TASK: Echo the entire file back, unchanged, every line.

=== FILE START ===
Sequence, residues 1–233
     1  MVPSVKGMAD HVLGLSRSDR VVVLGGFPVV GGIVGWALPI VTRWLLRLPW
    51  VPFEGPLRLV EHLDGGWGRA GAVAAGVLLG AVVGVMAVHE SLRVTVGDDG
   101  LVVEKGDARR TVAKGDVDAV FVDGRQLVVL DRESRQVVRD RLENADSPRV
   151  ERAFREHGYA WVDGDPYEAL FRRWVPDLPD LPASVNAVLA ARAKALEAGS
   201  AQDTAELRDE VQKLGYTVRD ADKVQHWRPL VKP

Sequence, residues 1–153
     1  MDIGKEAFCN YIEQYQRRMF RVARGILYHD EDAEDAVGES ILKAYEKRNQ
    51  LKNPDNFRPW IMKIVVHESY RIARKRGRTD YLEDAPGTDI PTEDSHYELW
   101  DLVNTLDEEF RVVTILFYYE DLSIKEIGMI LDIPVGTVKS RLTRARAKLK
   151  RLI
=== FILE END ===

Sequence, residues 1–233
     1  MVPSVKGMAD HVLGLSRSDR VVVLGGFPVV GGIVGWALPI VTRWLLRLPW
    51  VPFEGPLRLV EHLDGGWGRA GAVAAGVLLG AVVGVMAVHE SLRVTVGDDG
   101  LVVEKGDARR TVAKGDVDAV FVDGRQLVVL DRESRQVVRD RLENADSPRV
   151  ERAFREHGYA WVDGDPYEAL FRRWVPDLPD LPASVNAVLA ARAKALEAGS
   201  AQDTAELRDE VQKLGYTVRD ADKVQHWRPL VKP

Sequence, residues 1–153
     1  MDIGKEAFCN YIEQYQRRMF RVARGILYHD EDAEDAVGES ILKAYEKRNQ
    51  LKNPDNFRPW IMKIVVHESY RIARKRGRTD YLEDAPGTDI PTEDSHYELW
   101  DLVNTLDEEF RVVTILFYYE DLSIKEIGMI LDIPVGTVKS RLTRARAKLK
   151  RLI